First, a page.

Republicans trying to lecture Rep. Barney Frank about which party is more to blame for the crisis were reminded last week that the House Financial Services Committee chairman has a mean counterpunch.In response to another claim — by Rep. Todd Akin, R-Mo., on the House floor — that Frank helped stall legislation before 2007 to rein in the government-sponsored enterprises and subprime lending, the Massachusetts Democrat issued a 16-paragraph rant, entitled "Frank Seeks Antidote to Republican Amnesia."
The rebuttal said the GOP — not Democrats — controlled Congress when the legislation at issue was debated.
"Being accused of having blocked legislation to prohibit irresponsible lending to low-income people from 1995 to 2006 is flattering in a bizarre way. Apparently, those Republicans parroting these right-wing talking points believe that I had some heretofore undisclosed power" over Newt Gingrich and Tom DeLay, the House speaker and majority leader for much of that period, "which allowed me to keep them from passing legislation they wanted to pass," Frank said. "If that had been true, I would have used that power to block the impeachment of Bill Clinton in the House, the war in Iraq, large tax cuts for the very wealthy, the intrusion into the sad case of Terri Schiavo and appropriations bills that badly underfunded important social priorities."
Frank, who in 2007 was a primary sponsor of the first subprime lending reform bill to pass the House, said he never tried to block the legislation. "I did not try to stop" Republicans "from passing legislation to control subprime lending or to regulate" the GSEs "because in the first case" the GOP was "never willing to do so."
Also, even though he worked with then-Financial Services Chairman Mike Oxley on a GSE bill, "the bill was defeated because, in the words of Mr. Oxley, the Bush administration gave his efforts 'the one-finger salute.' "
The GOP's claims are "cynical, partisan politics which will weaken our ability to prevent another meltdown in the future," Frank said. "These attacks may seem innocuous, but in the long run they will hurt ordinary Americans who are already suffering."
Follow the Script
James Dimon, the chief executive officer of JPMorgan Chase & Co., is known as one of Wall Street's more improvisational speakers, often giving off-the-cuff speeches rather than preparing remarks.That is largely how he delivered a speech last week to the U.S. Chamber of Commerce. He looked down at notes occasionally, but mostly he spoke without a script.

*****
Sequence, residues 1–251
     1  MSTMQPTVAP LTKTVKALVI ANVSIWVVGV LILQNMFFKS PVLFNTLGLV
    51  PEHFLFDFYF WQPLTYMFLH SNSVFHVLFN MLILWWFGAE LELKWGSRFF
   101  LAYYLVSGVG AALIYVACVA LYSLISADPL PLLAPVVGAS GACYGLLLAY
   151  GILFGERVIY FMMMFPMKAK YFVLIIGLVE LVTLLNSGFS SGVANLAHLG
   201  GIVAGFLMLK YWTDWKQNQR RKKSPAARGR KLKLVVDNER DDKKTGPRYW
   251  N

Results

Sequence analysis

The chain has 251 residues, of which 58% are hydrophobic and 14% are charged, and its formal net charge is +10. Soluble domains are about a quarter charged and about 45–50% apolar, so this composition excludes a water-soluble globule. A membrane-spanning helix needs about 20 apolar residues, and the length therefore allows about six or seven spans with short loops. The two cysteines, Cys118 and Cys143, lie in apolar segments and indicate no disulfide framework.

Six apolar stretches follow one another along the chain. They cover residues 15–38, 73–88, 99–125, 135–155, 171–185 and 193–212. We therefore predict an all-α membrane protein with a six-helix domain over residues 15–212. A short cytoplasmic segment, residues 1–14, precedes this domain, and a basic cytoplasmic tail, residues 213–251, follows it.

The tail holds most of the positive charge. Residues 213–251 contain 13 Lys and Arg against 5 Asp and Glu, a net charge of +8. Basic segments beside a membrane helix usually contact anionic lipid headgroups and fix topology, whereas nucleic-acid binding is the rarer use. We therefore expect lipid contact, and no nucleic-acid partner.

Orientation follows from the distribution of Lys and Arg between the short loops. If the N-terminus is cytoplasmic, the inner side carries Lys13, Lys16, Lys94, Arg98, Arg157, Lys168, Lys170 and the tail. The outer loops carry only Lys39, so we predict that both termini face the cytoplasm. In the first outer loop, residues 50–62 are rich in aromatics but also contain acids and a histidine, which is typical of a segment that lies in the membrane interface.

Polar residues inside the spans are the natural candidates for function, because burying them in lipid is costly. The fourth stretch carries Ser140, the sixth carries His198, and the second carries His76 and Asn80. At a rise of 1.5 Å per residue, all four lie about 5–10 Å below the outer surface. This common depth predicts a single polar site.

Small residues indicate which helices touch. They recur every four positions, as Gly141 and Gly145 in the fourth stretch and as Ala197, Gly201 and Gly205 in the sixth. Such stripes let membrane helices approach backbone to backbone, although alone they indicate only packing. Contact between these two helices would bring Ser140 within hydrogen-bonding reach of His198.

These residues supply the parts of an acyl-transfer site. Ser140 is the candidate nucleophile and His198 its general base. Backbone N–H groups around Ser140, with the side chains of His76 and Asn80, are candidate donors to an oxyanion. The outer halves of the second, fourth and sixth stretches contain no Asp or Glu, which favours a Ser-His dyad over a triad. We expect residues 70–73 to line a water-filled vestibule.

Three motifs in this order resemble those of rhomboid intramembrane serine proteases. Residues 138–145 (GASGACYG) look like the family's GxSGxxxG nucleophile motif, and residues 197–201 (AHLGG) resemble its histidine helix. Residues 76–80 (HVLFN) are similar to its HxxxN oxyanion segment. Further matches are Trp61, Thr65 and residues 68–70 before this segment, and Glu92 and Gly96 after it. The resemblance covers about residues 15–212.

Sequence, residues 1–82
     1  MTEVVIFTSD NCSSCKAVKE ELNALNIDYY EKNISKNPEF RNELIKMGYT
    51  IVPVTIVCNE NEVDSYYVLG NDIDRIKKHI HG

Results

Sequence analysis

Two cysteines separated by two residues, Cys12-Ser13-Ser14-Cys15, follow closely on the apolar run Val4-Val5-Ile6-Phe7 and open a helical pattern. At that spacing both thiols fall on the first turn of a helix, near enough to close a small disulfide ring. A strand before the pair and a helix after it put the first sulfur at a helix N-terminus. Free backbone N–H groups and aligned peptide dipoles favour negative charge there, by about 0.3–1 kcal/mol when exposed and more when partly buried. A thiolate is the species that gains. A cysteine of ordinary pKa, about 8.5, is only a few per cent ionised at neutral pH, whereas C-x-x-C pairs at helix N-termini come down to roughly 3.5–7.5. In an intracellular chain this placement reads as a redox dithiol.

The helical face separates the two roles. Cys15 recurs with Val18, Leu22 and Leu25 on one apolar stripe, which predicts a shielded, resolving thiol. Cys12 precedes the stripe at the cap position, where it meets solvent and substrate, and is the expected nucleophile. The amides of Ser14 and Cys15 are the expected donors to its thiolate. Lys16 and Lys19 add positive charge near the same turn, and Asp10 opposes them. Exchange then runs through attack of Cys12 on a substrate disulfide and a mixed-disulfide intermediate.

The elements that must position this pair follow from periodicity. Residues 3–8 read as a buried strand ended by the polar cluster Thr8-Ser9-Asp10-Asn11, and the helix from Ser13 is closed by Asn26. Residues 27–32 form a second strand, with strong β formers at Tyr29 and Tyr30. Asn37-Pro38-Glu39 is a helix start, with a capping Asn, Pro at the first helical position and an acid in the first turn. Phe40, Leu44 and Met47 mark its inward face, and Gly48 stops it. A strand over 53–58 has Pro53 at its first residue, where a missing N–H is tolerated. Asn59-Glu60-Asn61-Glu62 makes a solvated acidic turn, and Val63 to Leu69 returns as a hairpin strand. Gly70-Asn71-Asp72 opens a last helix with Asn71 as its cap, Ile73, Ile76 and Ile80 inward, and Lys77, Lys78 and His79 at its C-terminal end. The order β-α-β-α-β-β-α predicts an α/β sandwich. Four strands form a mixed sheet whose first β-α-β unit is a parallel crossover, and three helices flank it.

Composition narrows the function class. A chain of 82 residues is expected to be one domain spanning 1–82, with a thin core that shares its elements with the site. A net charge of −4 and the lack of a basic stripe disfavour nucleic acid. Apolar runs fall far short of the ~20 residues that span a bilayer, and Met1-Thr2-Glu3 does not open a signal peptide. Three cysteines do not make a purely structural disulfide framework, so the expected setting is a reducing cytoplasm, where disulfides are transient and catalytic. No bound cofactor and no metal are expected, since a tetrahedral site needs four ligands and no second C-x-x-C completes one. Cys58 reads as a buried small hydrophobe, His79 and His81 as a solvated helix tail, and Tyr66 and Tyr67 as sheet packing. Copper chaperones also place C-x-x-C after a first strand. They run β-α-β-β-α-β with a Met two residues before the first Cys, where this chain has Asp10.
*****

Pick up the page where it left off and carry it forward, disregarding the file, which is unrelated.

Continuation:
Until he arrived at the part about regulation.
"I'm … going to talk about regulatory lapses and mistakes very, very carefully, because you know we are heavily regulated," he said. "So let me read this thing."
With the audience chuckling, he read from a text: "We do not blame the regulators for what happened. Blame should always go to the specific CEO of the company for their actions. Just because the regulator lets you do something does not mean you should have done it."
With the Treasury Department facing a gargantuan workload these days — including the need to fill nearly every top position — Secretary Timothy Geithner probably appreciated the note of encouragement he received last week from Sen. Lindsey Graham.At a Senate Budget Committee hearing on Thursday, the South Carolina Republican compared the Treasury to the Marine Corps, and he suggested that Geithner use a military slogan to attract candidates.
"This is not easy, and you don't have your team in place," Graham told the secretary. "If you're looking for a way to serve the country, join the Marines or go to Treasury. I think they're both very difficult. … 'The few, the proud, the brave, the Treasury people.' "
Geithner said he would prefer to revise the slogan to draw less attention to his small staff. "We just don't want to say, 'the few,' " he said. "We want to say, 'The many and the proud and the brave.' "
Jones' New Job
Chuck Jones, who was the staff director of the Senate Banking subcommittee on economic policy under Sen. Tom Carper, D-Del., has left Capitol Hill for a lobbying position at Timmons & Co. Inc.Jones will lobby on a range of issues, including financial services. Before working on the Hill, he spent six years at the Federal Housing Finance Board as a special assistant to Director Allan Mendelowitz.